Key Principles for Eligibility of Tax Credits

By Registrationwala

2nd April 2017

 

Input tax credit is another reform proposed as the part of GST bill. Input Tax credit translates to the credit taken on Central Tax, State Tax, Union Territory Tax, Integrated Tax and Compensation Cess which is paid on the supply of goods or services by a supplier that can be used by a recipient for payment of its output tax liability.

Apart from that integrated tax paid on import of goods or services as well as the tax paid by the recipient on reverse charge basis will be made available as a part of the input tax credit ambit.

  • The tax credit order of utilization has been pre-defined. The payment of Integrated, Central and State Taxes, or as the case may be, Union Territory tax can be done by Integrated Tax credit in this already defined order.
  • The payment of Central Tax and Integrated Tax can be made by using the Central Tax Credits.
  • The payment of State Taxes or Union Territory Taxes and Integrated Tax can be made by using State Taxes credits or Union Territory Taxes credits

Having mentioned above the cases in which the tax credit can be used, there are also cases in which credit cannot be used.

  1. Payment of interest
  2. Payment of penalty or fees

These are the cases when tax credit cannot be used.

Apart from the above mentioned one should also be aware that compensation cess can be used only for payment of compensation cess and no other payment.

Criteria for availing tax input credibility.

 

Principles of tax input credibility can be focused on three segments separately. Namely the Supplier, the recipient and its impact on the goods and services.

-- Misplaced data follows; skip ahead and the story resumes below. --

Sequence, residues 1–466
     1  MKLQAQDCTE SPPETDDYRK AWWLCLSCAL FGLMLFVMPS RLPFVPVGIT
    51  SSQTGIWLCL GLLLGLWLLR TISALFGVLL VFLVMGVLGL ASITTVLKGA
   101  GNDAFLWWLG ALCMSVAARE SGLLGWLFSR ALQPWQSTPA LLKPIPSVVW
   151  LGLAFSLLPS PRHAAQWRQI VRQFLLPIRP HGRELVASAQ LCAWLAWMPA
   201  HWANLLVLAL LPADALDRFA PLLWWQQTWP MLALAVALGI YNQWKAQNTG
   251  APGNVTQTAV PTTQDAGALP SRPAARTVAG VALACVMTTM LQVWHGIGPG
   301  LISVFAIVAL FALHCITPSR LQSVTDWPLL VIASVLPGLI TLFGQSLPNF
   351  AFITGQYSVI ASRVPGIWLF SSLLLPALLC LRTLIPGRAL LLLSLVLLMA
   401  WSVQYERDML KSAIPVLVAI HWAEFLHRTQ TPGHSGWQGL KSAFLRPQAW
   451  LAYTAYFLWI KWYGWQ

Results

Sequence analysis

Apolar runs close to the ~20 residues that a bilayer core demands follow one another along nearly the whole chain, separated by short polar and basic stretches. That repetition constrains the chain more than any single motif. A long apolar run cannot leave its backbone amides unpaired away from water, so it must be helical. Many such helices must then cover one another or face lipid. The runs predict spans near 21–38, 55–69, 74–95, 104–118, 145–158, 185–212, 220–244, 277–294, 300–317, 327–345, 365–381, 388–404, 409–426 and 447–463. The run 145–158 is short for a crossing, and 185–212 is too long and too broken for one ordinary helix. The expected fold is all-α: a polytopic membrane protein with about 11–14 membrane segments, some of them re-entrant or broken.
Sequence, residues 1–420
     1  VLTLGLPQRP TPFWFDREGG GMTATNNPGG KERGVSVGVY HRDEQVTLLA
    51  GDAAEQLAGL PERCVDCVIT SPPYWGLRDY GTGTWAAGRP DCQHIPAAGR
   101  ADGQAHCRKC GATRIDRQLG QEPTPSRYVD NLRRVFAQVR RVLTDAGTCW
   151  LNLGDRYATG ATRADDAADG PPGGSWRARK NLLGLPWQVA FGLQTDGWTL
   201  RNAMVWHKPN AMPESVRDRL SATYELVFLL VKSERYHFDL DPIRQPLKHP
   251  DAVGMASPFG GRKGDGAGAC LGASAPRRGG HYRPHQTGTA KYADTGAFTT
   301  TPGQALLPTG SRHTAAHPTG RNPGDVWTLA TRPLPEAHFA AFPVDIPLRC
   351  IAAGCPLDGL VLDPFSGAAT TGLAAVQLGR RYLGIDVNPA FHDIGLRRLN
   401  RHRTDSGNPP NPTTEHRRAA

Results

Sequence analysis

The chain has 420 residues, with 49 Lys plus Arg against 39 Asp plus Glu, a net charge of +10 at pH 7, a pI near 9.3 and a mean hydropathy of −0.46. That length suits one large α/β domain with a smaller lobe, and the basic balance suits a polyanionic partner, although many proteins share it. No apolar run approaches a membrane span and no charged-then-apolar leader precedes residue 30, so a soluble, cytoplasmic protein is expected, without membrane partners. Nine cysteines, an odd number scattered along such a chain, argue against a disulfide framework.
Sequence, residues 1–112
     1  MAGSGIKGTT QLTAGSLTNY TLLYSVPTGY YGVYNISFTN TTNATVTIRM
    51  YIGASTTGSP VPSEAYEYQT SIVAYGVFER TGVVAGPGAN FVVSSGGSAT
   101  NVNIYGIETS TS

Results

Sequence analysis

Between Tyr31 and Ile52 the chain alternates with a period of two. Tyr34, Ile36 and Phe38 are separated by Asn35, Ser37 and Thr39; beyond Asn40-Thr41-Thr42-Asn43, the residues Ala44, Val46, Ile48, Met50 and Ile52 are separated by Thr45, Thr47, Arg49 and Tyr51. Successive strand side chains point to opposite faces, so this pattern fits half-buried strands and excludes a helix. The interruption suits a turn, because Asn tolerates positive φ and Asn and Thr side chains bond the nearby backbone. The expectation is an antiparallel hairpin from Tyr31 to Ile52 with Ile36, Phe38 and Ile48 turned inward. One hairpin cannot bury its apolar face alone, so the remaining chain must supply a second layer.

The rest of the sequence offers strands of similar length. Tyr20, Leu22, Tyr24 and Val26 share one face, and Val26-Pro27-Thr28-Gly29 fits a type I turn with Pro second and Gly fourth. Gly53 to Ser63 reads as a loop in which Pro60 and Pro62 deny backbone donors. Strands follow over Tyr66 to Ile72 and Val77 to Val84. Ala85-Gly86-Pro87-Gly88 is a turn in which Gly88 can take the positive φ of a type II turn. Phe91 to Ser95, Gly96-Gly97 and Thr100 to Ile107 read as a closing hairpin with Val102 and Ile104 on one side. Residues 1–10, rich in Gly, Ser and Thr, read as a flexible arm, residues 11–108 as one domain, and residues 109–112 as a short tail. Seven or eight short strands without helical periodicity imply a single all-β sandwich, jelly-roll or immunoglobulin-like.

Supplier

To be eligible for tax input credit the supplier needs to be registered under the GST. The supplier not at any time be under composite levy. He is also expected to have deposited the tax to the government, under credit to the government.

Recipient

 

To be eligible for the tax input credit the recipient must be registered with the GST similar to that of the supplier. On the same grounds recipient should also not be under any composite levy at any given point in time. To be eligible in case of a reverse charge, the recipient should have paid tax to the government. Payment terms to the supplier should be cleared and paid within 180 days marked from the date of invoice issued. The bottom line being the recipient in all true sense should have actually received the goods or the service that he is claiming the credit for.

Goods & services

 

The goods and services that make to the list are the ones that intended to be used in due course of business presently or in near future. These goods should also not be a part of the negative list.

To get further clarity on the intended due course or furtherance of the business, one needs to understand that tax that is paid on inputs, input services or capital goods which are used for conducting or maintaining a business by the recipient can be made available as credit.

‘Use in the course or furtherance of business’ is the phrase used in defining the goods and services that are eligible for tax credit. The word furtherance implies the allowance of credit of tax for not just current but also to newer lines of businesses.

 

Key Principles for Eligibility of Tax Credits

2017-04-02